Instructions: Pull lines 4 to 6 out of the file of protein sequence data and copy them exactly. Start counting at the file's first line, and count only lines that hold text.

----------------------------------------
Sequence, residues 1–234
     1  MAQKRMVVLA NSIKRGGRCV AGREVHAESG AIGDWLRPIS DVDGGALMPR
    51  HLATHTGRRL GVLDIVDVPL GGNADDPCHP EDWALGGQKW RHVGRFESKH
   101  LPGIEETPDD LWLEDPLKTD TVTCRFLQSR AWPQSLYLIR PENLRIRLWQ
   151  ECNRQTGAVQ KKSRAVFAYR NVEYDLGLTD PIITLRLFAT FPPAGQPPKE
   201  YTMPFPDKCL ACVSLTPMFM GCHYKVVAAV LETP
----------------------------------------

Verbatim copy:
   101  LPGIEETPDD LWLEDPLKTD TVTCRFLQSR AWPQSLYLIR PENLRIRLWQ
   151  ECNRQTGAVQ KKSRAVFAYR NVEYDLGLTD PIITLRLFAT FPPAGQPPKE
   201  YTMPFPDKCL ACVSLTPMFM GCHYKVVAAV LETP